In response to the 2008 global financial crisis, photographic artist Lisa Barnard undertook a quest in pursuit of one of the most sought-after materials in human history. Her resulting book, The Canary and The Hammer, presents a heady combination of images and thoroughly researched essays that carve out a core sample from mankind’s ages-old obsession with gold. While, by Barnard’s own admission, tales of humanity’s fascination with gold are too multitudinous for a single comprehensive volume, the artist deftly weaves together a riveting cross section of associations, extractions, global movements, and applications for the element that range from mythic, to cosmic, to political, to historical.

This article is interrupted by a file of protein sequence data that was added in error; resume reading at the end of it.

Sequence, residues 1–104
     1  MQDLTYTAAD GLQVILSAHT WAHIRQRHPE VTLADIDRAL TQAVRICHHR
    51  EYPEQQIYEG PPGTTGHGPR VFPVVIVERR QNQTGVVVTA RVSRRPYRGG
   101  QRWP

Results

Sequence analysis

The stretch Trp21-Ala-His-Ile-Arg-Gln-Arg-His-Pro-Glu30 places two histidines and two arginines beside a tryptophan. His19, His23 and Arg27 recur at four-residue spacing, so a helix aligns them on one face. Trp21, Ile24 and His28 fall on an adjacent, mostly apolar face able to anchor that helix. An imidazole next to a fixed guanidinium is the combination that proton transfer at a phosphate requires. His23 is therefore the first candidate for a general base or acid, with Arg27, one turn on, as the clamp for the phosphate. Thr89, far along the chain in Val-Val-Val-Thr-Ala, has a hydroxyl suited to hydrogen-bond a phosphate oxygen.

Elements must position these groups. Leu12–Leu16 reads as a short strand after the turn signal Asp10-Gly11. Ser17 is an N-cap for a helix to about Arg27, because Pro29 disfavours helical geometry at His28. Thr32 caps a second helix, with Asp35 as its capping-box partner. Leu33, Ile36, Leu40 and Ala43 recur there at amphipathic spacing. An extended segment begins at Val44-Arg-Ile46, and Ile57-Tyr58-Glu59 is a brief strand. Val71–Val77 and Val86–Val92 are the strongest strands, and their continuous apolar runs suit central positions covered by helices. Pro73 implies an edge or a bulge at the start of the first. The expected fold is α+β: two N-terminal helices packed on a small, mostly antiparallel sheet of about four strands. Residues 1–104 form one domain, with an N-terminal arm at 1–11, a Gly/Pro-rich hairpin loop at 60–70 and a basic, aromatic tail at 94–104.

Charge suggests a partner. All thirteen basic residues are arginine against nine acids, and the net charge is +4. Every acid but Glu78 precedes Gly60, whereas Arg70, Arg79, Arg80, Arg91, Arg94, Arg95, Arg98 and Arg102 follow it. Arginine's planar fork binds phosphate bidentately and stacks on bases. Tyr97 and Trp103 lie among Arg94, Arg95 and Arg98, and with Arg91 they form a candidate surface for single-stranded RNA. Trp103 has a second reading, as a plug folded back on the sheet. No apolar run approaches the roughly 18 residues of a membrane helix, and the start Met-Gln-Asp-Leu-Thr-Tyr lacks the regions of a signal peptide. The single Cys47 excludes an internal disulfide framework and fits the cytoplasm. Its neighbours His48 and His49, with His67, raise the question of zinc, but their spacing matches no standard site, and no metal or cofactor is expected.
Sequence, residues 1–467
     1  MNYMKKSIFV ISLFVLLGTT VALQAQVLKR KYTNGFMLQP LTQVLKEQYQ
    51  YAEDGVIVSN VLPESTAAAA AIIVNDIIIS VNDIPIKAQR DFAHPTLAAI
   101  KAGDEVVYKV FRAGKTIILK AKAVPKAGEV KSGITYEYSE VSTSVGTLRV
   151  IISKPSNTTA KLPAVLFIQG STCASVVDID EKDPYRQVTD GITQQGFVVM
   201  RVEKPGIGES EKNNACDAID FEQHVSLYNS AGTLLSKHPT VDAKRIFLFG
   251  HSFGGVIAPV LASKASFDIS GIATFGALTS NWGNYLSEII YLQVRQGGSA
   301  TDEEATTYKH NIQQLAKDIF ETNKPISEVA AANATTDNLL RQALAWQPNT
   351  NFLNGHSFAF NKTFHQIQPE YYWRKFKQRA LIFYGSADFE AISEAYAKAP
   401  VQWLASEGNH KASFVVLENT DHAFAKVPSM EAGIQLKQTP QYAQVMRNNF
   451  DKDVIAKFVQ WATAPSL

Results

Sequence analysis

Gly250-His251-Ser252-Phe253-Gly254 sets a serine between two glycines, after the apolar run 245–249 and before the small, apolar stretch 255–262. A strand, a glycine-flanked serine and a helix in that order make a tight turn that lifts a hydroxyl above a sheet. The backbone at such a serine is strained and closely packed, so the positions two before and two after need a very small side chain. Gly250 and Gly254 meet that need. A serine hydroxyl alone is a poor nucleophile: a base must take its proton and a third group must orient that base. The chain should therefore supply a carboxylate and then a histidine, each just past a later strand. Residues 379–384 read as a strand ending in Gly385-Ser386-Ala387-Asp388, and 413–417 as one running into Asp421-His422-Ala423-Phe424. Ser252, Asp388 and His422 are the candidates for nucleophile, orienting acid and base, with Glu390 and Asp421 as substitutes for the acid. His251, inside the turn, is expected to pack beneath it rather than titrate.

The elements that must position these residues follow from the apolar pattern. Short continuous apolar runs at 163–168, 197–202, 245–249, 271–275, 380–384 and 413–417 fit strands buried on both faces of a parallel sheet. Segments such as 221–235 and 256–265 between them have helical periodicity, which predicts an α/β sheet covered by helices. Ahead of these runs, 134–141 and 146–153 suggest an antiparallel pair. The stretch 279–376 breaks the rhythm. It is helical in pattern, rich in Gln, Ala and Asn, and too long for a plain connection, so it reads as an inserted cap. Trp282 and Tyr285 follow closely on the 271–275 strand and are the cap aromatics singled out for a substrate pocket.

Barnard’s contemporary photographic work, compiled over the course of four years, chases gold across four continents — moving, like the material itself, through a complex series of international processes and relationships. One comes away from her narrative, diffuse and generally impartial though it may be, feeling as though gold has crucially affected the course of migration throughout many centuries of human existence — and will continue to do so, through our present and into our future.
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Image: “Fluorescent Fool’s Gold” by Lisa Barnard, from The Canary and The Hammer (MACK, 2019), courtesy the artist and MACK